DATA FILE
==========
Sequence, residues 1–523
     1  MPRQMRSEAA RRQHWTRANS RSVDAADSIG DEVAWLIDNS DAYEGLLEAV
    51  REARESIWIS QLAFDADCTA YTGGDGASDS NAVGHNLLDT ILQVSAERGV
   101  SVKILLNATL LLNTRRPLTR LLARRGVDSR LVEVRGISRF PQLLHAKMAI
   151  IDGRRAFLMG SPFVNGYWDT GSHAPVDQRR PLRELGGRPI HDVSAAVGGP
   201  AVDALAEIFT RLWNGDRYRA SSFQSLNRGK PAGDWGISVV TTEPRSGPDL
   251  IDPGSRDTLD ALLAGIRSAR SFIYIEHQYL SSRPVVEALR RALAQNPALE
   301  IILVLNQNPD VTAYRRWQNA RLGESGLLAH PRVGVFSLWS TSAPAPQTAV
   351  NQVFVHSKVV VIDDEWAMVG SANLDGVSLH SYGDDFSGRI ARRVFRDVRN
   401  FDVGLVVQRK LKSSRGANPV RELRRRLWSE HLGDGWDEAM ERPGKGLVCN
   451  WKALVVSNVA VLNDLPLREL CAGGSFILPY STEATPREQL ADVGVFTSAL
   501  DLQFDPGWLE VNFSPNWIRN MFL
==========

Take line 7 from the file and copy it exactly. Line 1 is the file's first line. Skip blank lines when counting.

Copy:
   251  IDPGSRDTLD ALLAGIRSAR SFIYIEHQYL SSRPVVEALR RALAQNPALE